ESG FinTech deal activity on track to decrease 5% in 2023 based on Q1 2023 results


Key ESG FinTech investment stats in Q1 2023:
• ESG FinTech companies raised 27 deals in Q1 2023, a 5.5% drop from Q1 2022
• The USA was the most active ESG FinTech country with six deals recorded in the country during the opening quarter of 2022
• Capital raised by ESG FinTech companies reached $130m in Q1 2023

ESG FinTech remains an active sector in Q1 2023 reaching 27 deals, a slight 5.5% drop from 2022 levels. This activity in Q1 predicts that ESG FinTech will drop by 5% in 2023. Investment raised by ESG FinTech companies reached $130m. Total investment raised by ESG FinTech companies in 2022 was $878m which indicates that 2023 investment is on track for another consecutive decline from 2021’s peak of $1.17bn.

Carbonplace, a global carbon credit transaction network, was the largest ESG FinTech deal in Q1 2023, raising $45m from nine investors in their seed funding round. The company plans to utilize the funds to increase the size of its platform and team, broaden its range of services to reach a more extensive customer base of financial institutions, and hasten collaborations with more carbon market participants across the globe, such as registries and marketplaces. Carbonplace aims to facilitate the trade of certified carbon credits by connecting buyers and sellers through their banks. The platform, which is set to be launched later this year, will enable immediate transfer of ownership upon payment, ensuring secure and traceable reporting throughout the carbon credit transfer process. This system will be available to financial institution clients who wish to provide their customers with a secure and transparent way to access carbon markets.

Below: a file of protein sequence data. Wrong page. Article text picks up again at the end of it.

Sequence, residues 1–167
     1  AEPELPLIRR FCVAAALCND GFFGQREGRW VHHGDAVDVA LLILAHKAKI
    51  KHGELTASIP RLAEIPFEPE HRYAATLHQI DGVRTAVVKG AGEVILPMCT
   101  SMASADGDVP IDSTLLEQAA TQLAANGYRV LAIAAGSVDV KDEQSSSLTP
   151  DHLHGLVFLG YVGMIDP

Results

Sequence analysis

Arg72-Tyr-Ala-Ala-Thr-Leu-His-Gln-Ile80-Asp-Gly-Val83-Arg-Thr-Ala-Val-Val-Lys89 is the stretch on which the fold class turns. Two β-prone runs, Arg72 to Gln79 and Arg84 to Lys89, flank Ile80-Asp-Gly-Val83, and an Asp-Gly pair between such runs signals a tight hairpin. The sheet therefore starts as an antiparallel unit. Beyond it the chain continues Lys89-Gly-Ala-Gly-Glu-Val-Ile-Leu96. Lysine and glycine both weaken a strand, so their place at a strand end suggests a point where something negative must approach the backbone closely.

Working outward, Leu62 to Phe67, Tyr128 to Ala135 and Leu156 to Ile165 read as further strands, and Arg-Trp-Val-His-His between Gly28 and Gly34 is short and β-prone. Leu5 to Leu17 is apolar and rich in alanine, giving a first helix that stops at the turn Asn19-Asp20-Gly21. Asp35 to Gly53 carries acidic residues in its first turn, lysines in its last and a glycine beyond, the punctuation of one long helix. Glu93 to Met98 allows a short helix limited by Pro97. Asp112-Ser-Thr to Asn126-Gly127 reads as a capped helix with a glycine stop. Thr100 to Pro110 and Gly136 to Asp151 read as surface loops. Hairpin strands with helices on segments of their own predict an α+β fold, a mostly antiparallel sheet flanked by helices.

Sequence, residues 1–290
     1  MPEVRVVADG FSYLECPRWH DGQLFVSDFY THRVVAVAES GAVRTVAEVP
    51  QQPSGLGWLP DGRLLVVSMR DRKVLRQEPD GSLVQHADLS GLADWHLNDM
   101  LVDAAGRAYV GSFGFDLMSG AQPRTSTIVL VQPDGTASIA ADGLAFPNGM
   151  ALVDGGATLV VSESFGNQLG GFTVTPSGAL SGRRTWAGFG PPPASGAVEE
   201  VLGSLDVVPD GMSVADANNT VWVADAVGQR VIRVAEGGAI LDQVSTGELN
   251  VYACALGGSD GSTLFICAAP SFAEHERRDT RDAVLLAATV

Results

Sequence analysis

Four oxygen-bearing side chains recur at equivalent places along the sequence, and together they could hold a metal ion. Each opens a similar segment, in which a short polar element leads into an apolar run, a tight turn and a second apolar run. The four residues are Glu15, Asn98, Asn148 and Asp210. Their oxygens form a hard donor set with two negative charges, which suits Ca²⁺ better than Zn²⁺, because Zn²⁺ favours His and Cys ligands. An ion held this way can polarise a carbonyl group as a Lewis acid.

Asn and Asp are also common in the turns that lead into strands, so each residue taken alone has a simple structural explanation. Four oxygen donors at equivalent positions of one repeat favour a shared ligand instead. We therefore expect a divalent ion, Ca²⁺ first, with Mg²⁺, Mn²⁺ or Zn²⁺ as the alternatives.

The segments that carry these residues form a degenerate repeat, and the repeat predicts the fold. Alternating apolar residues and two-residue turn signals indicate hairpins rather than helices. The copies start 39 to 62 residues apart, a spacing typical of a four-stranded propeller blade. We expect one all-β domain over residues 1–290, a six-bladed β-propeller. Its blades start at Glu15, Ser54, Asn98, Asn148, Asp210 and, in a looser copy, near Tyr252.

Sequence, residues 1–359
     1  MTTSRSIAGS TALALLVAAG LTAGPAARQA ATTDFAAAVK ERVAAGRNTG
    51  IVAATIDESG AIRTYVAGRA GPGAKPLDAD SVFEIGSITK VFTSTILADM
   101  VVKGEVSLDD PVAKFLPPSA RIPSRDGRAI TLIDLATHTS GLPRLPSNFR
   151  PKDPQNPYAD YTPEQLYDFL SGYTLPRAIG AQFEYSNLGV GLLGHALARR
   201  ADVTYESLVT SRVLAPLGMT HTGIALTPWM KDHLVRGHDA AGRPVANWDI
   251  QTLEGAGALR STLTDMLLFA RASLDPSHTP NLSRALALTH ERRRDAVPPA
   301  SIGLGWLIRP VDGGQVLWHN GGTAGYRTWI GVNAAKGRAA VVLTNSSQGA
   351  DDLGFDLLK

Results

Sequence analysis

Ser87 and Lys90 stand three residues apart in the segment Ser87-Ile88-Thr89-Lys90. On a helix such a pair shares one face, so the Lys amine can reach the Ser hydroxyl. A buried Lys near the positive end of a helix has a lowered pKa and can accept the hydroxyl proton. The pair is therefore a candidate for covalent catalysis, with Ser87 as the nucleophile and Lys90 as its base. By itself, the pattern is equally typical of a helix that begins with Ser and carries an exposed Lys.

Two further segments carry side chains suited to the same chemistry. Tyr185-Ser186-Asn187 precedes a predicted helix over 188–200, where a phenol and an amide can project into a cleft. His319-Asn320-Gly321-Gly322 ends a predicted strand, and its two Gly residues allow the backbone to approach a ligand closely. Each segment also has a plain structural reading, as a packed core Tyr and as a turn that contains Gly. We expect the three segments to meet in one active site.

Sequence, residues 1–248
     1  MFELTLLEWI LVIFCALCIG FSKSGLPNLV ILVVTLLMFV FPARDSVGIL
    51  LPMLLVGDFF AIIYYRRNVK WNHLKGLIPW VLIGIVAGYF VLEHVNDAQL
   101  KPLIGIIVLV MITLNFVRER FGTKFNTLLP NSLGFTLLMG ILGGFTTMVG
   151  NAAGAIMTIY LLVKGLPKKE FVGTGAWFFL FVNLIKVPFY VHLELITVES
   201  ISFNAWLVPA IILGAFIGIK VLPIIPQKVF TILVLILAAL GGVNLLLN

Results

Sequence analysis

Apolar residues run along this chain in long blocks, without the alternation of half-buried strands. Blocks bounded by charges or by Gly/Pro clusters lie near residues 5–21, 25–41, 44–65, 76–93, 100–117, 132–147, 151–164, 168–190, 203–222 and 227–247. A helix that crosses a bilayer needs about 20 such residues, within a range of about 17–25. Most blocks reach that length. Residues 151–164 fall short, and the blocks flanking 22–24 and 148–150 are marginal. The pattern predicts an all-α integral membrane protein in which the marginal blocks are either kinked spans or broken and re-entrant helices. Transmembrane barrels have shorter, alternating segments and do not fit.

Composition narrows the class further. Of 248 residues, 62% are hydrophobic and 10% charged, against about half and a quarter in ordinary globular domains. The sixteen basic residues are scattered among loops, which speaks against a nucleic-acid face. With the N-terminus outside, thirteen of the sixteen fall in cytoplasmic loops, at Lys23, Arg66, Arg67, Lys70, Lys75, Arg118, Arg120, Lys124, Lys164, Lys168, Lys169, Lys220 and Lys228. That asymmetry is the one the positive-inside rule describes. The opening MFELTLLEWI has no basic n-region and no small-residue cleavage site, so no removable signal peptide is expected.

The USA was the most active ESG FinTech country in Q1 2023 with six deals announced, a 22% share of transactions globally. The UK was the second most active ESG FinTech country with four deals, a 15% share. Canada, Germany, The Netherlands and India were the joint fourth most active with two deals each.

Despite the strong deal making record, ESG is a divisive topic in United States. So far 18 states are proposing or have adopted anti-ESG legislation whilst 10 states have done the opposite and proposing or adopted pro-ESG as of December 2022. Anti-ESG states are generally Republican, although two are Democratic, Arizona and Minnesota. There are generally two types of anti ESG regulation. The first type of regulation, known as “No-ESG-investment regulations,” prohibits states from investing in strategies that consider ESG factors for any purpose other than maximizing investment returns. The second type, “Boycott regulations,” targets financial institutions that boycott or discriminate against companies in certain industries and prohibits the state from doing business with them or investing through them. These regulations affect financial institutions with investment policies that exclude or reduce exposure to certain industries that are economically important to the state, such as fossil-fuel-producing energy companies, mining, timber production, or firearms manufacturing.

The data for this research was taken from the FinTech Global database. More in-depth data and analytics on investments and companies across all FinTech sectors and regions around the world are available to subscribers of FinTech Global. ©2023 FinTech Global

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